The flowmeters bank is mounted at the rear of the tabletop between the two vaporizers; It consists of six color-coded tubes with associated control knobs; From left to right, the tubes are marked “ETHER” (white’), “O2 cc/m” (green), “O2 l/m” (green), “N2O l/m” (blue), “C3H6 cc/m” (orange) and “FLUO cc/m” (black); The knobs for ether and Fluothane are square; The knobs for both oxygen and nitrous oxide are striated;
Near the front left corner of the tabletop there is an oxygen flush button marked “DIRECT OXYGEN”; Mounted in front of this is the bracket that holds the absorber assembly; The assembly holds an absorber and a pressure gauge; The absorber consists of two transparent plastic canisters; The rubber gaskets of both canisters are in very poor condition; The gauge is marked: “60, 40, 20, 0, 20, 40, 60 MILLIMETERS OF MERCURY”; Two metal tubes extend forward from the assembly; That tube on the left has been damaged by forcing a connector into it at an angle;
Below the tabletop, the front of the machine holds the following components, from left to right: an oxygen gauge, a switch marked from left to right: “ETHER OFF FLUOTHANE”, a nitrous oxide gauge and a cyclopropane gauge; All these gauges are marked “McKesson Appliance Co., Toledo, OH.”;
The left side of the machine holds two cylinder yokes marked “O2”; The right side of the machine holds three yokes, marked, from left to right: “C3H6”, “N2O” and “N2O”; A paper inspection label is pasted to the back of the flowmeter at the upper right; This label reads, in part: “AURANEL [new line] ANESTHESIA PRODUCTS, INC. [new line] 6 Fairview Ave. [new line] Port Washington, NY 11050”; The inspection date is written “9/15/82”; Below the flowmeter bank, the machine bears a label that reads: “McKESSON APPLIANCE CO. [new line] MODEL 1653 AV [new line] SER. NO. T-20 258”; Near the rear left corner of the machine, there is a label that reads, in part: “RUBBER PART NUMBERS. …. McKESSON APPLIANCE CO. [new line] DIV. AMERICAN CRYOGENICS, INC. [new line] 2228 ASHLAND AVE. [new line] TOLEDO, OHIO, U.S.A.”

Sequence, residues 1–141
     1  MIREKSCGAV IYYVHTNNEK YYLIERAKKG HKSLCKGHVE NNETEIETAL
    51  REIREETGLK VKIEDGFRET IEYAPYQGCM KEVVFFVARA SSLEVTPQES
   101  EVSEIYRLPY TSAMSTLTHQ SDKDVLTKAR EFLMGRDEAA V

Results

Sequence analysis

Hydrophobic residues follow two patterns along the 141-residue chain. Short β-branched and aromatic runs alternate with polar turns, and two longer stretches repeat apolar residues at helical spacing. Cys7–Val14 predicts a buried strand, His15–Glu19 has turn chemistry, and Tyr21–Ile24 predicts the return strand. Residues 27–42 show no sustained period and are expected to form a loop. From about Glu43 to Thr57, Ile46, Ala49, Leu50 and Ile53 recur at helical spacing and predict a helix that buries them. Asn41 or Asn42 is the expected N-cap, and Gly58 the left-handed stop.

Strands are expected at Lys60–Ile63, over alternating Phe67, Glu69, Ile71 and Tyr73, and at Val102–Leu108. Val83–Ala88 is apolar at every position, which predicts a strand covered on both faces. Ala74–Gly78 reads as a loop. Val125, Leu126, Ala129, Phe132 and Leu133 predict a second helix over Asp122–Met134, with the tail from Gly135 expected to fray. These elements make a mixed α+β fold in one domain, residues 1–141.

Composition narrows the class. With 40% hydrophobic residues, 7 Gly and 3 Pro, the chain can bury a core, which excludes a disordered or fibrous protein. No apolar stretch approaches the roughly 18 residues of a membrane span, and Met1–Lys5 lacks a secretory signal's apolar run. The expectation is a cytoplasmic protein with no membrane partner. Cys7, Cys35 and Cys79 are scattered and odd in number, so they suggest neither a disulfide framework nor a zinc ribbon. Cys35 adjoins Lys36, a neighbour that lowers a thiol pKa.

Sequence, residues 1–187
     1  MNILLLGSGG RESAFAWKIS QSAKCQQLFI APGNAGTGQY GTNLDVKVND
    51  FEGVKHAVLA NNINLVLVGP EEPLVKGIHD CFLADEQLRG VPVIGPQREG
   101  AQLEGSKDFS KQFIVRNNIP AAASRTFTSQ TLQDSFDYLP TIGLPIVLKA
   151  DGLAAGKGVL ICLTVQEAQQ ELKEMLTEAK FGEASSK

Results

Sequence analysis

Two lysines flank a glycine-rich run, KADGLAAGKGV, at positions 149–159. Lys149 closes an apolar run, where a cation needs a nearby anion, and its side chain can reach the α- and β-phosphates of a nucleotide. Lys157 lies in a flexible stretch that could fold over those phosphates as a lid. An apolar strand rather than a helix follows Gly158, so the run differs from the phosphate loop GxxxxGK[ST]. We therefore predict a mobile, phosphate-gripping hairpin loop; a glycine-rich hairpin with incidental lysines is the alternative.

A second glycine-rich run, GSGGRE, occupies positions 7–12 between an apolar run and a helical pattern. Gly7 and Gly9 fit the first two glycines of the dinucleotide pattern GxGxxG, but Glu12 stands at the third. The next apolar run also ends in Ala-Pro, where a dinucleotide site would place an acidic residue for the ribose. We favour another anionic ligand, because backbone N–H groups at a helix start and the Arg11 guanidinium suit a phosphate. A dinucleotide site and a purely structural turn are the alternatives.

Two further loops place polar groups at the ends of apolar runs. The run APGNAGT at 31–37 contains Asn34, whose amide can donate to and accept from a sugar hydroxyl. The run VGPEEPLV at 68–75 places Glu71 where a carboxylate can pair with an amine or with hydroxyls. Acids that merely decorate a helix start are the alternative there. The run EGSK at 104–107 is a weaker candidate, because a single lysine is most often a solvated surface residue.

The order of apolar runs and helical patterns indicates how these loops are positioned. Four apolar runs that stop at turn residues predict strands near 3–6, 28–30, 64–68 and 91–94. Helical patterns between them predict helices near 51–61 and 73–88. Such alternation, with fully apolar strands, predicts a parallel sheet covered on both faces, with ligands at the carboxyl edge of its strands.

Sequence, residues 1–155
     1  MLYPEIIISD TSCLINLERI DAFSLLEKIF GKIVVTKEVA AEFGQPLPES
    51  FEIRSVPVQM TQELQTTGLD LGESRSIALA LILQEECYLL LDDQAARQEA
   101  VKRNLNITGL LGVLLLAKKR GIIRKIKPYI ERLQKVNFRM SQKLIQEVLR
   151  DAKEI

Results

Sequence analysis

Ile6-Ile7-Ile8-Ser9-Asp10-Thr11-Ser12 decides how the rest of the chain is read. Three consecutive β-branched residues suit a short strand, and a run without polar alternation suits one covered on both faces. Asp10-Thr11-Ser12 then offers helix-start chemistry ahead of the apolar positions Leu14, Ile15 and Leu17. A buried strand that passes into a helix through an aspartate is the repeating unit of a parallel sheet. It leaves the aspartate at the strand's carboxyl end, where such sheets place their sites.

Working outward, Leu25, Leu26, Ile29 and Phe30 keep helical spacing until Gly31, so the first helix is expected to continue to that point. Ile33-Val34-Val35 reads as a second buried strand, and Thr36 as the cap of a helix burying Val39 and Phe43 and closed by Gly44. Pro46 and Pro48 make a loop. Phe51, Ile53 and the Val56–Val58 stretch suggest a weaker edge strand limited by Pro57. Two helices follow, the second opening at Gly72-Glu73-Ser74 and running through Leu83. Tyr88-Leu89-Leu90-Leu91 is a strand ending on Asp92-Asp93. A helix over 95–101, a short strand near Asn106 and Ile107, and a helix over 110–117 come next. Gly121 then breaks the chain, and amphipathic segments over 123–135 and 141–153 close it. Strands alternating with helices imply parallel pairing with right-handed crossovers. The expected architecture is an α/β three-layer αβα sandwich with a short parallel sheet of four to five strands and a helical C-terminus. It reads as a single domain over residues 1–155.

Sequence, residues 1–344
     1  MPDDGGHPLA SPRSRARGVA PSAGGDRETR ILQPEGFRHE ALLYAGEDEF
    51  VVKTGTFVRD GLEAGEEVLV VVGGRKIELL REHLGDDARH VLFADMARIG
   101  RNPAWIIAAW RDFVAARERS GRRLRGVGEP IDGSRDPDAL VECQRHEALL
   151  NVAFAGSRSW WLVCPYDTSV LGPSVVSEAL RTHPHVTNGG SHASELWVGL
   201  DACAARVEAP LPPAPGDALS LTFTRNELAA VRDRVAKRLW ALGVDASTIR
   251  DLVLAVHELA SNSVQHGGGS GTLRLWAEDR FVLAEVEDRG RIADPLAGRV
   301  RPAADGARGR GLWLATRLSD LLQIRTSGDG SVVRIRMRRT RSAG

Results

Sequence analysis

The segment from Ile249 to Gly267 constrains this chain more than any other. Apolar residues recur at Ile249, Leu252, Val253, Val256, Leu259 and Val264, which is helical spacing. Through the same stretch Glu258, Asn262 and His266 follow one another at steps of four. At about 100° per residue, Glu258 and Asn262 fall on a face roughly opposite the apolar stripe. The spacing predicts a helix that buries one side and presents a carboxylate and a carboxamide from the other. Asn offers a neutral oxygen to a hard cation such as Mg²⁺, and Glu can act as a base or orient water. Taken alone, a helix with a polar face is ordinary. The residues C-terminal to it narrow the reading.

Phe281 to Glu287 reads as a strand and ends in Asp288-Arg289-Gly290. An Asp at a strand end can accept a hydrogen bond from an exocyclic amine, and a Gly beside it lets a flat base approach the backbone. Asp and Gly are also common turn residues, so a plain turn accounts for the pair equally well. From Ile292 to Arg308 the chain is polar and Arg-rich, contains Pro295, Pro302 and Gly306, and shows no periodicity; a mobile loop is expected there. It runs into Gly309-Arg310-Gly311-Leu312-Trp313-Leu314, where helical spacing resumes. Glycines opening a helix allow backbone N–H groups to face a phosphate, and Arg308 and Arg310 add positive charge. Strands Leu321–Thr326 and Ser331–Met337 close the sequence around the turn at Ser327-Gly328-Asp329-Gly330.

Note Type: Reproduction
Notes: Photographed by Mr. Steve Donisch, January 17, 2018.
Note Type: Historical
Notes: Around 1910, Elmer I. McKesson, M.D. (1881-1935) founded the Toledo Technical Appliance Company to manufacture anesthesia equipment of his own design. In 1930, the firm’s name was changed to the McKesson Appliance Company. By 1962 the company had become a division of American Cryogenics, Inc. By 1975, McKesson had become a division of Narco Medical Co.
From the company’s inception, McKesson’s anesthesia machines were mounted on pole stands. Cabinet-style machines were introduced by McKesson’s competitor, Connell, in the 1930s. McKesson added them to its product line in 1956. The cataloged object was one of numerous models in McKesson’s 1600 series; each had several configurations available. The cataloger found product literature dating from 1962 through 1966 that describes cabinet machines equipped with a transparent, double-canister carbon dioxide absorber. See-through absorbers had been introduced by McKesson’s competitor, Foregger, in the 1940s. The adoption of this design by McKesson coincides with its acquisition by American Cryogenics. The cataloged machine could administer the liquid anesthetics ether and halothane, and the gases cyclopropane, nitrous oxide and oxygen. An inspection label on the back of the object indicates that it was still being used in 1982.
Note Type: Exhibition
Notes: Selected for the WLM website.